3 metrics for measuring the business value of customer experience

January 19th, 2021

Customers are the lifeblood of any business. Find out how improving your customer experience can help your business to grow.

Most business owners understand that good service breeds happy, repeat customers and brand loyalty. But many may not know just how to calculate the Return On Investment (ROI) happy customers provide for their business. 

Understanding just how much value your customer experience and customer satisfaction is affording your business can aid your company to not only strive financially, but help to grow your customer base. 

Here are three key tips to identify the business value of customer experience for your company. 

1. Customer lifetime value

Customer lifetime value, or CLV, is one method used to identify the value of customer loyalty and experience. Using the CLV formula, you can calculate just how much value that customer may bring to your business and whether you’re spending too much or too little to acquire them. 

The most simple way to do this is to calculate the revenue earned from this potential repeat customer (annual revenue per customer multiplied by the average customer relationship in years) minus the cost of acquiring this customer. 

For example, a hair salon calculates that the annual revenue their average repeat customer brings in is around $1,200. The business has been around for a number of years, and they hope they can keep the customer for another 5 years at least. When you factor in marketing costs, hourly staff expenses and even free products provided to the customer, it may cost up to $1,000 to acquire this customer. 

The formula then looks like:

($1,200 *5) - $1,000 = $5,000 

Therefore the business’ CLV may be estimated at $5,000. Knowing this may impact your business operations in a number of ways. This includes: assessing whether you need to spend more or less on marketing and advertising, whether you could increase or decrease your prices, and to help with your budgeting and forecasting. 

2. Net promoter score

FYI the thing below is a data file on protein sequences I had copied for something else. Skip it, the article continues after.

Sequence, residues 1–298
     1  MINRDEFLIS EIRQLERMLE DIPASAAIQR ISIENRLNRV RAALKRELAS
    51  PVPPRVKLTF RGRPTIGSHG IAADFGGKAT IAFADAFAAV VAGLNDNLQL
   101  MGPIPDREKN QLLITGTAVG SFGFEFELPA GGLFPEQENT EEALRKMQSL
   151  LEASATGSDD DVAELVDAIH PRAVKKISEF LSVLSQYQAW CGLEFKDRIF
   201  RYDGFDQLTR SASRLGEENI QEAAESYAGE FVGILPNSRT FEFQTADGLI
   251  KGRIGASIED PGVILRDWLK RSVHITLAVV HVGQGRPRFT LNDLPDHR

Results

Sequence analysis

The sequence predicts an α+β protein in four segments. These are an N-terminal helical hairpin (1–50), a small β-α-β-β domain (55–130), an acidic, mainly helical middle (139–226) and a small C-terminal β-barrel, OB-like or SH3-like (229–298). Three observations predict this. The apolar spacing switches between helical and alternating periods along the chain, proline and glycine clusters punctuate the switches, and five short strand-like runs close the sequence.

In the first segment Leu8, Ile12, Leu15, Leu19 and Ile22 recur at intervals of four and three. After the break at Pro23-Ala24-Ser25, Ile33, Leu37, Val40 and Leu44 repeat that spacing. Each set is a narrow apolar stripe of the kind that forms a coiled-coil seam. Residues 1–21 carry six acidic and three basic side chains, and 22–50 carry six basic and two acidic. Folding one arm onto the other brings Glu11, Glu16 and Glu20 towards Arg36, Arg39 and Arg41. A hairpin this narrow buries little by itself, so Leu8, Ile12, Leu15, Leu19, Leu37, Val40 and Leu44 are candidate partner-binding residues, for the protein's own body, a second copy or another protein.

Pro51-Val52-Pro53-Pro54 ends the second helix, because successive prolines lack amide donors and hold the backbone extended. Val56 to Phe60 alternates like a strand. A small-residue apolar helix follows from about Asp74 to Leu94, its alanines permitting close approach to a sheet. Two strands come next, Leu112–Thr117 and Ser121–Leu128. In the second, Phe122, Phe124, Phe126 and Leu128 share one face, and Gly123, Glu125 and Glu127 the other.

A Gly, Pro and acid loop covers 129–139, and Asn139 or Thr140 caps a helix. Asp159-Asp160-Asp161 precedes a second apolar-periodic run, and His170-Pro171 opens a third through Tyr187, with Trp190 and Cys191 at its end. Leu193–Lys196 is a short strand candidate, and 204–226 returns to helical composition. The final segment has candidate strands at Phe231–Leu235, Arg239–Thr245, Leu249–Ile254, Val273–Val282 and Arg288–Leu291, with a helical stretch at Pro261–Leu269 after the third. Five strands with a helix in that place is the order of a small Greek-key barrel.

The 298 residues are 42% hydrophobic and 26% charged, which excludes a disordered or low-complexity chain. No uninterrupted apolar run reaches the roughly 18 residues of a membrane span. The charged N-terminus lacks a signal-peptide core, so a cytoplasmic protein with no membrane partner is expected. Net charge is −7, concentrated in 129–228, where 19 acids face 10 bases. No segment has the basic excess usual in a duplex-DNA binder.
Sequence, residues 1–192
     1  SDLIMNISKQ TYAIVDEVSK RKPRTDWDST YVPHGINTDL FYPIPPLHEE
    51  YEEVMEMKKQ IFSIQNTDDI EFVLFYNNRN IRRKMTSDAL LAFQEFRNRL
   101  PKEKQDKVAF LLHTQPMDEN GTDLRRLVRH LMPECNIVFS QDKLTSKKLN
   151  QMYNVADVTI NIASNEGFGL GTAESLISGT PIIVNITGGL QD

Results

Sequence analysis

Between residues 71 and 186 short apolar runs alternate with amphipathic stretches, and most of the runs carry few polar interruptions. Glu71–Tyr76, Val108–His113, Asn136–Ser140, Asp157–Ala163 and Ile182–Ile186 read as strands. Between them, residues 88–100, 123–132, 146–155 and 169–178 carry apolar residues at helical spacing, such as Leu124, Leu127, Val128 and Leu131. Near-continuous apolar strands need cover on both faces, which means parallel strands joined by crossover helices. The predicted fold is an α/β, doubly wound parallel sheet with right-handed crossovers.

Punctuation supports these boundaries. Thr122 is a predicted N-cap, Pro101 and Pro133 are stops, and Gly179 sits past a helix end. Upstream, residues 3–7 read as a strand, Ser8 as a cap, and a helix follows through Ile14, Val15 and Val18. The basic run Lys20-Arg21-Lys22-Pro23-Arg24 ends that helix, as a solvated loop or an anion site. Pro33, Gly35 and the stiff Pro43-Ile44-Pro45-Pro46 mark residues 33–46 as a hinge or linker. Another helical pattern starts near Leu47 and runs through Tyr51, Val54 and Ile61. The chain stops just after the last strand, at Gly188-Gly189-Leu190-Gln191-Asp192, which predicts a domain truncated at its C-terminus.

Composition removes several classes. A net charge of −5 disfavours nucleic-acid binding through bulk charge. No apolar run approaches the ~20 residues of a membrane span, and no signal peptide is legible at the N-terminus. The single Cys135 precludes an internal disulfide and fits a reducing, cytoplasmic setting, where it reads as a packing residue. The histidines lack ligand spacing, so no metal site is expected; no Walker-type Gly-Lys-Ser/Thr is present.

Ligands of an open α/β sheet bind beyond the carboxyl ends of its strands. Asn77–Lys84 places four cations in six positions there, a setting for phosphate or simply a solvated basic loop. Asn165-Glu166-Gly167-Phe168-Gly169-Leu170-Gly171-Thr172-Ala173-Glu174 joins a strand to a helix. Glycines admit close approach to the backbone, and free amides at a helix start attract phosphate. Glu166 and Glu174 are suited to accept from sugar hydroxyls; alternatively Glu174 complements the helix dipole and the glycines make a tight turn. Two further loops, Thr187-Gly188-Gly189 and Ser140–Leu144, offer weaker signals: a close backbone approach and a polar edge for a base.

Another method of assessing the experience of your customers to help identify the business value of your customer service is through a net promoter score (NPS). Put simply, NPS is the percentage of your customers who would or wouldn’t recommend your business to their friends or family. 

This information can be found by providing a feedback survey on how likely the customer may recommend your business to family and friends on a scale of one to ten. 

This scale is then divided into three categories:

  • Promoters (graded your business 9 - 10)
  • Passives (graded your business 7 - 8)
  • Detractors (graded your business 6 or below)

Then, you subtract the percentage of detractors from the percentage of promoters to get a final NPS score. For example, of 100 surveyed people, 8 graded a business between one and six, 15 graded it as seven or eight and 77 graded it as nine or ten. The percentage of detractors (8%) was subtracted from the percentage of promoters (77%) to give the business a final NPS of 69. 

As a small business owner, you now have a better understanding of what kind of customer experience you’re providing, and the rate of which your customers may assist in word-of-mouth leads. A low score can encourage businesses to reassess their current practices, or even make small changes like amend website errors and put more budget towards UX. 

3. Customer churn rate

Your customer churn rate, also known as the rate of attrition, is the percentage of customers that either do not make repeat purchases or cancel their recurring service with your business. By understanding your customer churn rate, you will have a better understanding of the products and services you are providing customers and where any weak spots are in your business practices. If your business is subscription based, this formula can be especially valuable. 

This is calculated by dividing the total number of lost customers by the total number of new customers for any set period of time. For example, your yoga studio works on an ongoing membership program. In the last quarter it lost 4 customers, but gained 18. Therefore the churn rate would be 22%, indicating the business is providing a good customer experience.

How can these formulas better identify the business value of customer service?

Put simply, research has indicated that revenue growth is affected by customer service. 

A 2018 report into customer experience found that 73% of companies with above-average customer experience “perform better financially than their competitors''. Further, 84% of businesses that strived to boost their customer experience reported an increase in revenue. 

Retail Customer Experiences also recently reported that brands that perform customer service the strongest bring in 5.7 times the amount of revenue as businesses that offer subpar customer service. 

Further, research from NewVoiceMedia into U.S. based businesses recently found that the main reason a customer switches brands is because they feel “underappreciated”. The result of which is an estimated $62 billion is lost by businesses each year due to poor customer experiences, as a result of potentially poor customer experience management.. 

If your business is not prioritising customer experience, consider making 2021 the year that you do. 

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